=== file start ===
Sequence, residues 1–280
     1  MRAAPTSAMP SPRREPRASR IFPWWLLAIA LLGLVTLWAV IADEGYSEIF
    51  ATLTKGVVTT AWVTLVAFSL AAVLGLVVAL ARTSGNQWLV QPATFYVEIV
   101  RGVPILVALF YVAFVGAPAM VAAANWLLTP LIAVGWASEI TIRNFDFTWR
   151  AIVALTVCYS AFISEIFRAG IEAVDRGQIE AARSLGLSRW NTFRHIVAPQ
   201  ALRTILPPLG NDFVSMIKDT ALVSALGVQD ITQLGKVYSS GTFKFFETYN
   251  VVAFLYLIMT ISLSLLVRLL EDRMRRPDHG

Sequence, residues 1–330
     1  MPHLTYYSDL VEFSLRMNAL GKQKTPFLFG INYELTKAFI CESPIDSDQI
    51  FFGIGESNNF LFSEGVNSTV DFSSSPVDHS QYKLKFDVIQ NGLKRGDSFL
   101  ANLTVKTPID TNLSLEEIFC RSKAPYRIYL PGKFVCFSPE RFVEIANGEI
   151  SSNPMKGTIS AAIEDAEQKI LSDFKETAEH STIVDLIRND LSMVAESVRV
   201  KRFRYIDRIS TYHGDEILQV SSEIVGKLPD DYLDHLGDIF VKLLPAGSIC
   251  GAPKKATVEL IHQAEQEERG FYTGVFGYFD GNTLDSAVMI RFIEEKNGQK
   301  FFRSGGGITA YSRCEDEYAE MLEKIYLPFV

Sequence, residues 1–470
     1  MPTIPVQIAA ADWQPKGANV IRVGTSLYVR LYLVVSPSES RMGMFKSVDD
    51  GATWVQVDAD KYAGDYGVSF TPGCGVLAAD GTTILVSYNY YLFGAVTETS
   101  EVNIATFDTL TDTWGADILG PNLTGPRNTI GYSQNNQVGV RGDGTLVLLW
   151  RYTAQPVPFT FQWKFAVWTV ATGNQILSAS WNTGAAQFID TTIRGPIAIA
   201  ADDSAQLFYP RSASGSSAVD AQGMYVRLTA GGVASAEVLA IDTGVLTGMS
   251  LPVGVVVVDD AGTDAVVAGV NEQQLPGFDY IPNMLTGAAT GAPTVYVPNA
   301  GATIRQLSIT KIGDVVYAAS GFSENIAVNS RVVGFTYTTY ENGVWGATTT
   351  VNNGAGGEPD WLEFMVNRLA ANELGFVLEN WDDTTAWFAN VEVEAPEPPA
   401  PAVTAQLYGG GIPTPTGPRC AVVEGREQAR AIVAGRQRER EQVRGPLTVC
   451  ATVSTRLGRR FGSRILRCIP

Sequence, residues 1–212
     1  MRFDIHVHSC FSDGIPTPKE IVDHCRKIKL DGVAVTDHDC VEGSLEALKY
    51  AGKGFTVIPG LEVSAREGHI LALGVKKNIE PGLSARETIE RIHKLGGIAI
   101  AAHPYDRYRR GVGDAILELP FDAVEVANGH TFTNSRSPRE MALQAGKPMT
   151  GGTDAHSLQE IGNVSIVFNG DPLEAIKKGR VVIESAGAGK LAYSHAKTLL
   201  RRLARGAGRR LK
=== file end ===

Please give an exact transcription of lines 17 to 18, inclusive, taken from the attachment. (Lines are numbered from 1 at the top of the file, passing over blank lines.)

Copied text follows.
     1  MPTIPVQIAA ADWQPKGANV IRVGTSLYVR LYLVVSPSES RMGMFKSVDD
    51  GATWVQVDAD KYAGDYGVSF TPGCGVLAAD GTTILVSYNY YLFGAVTETS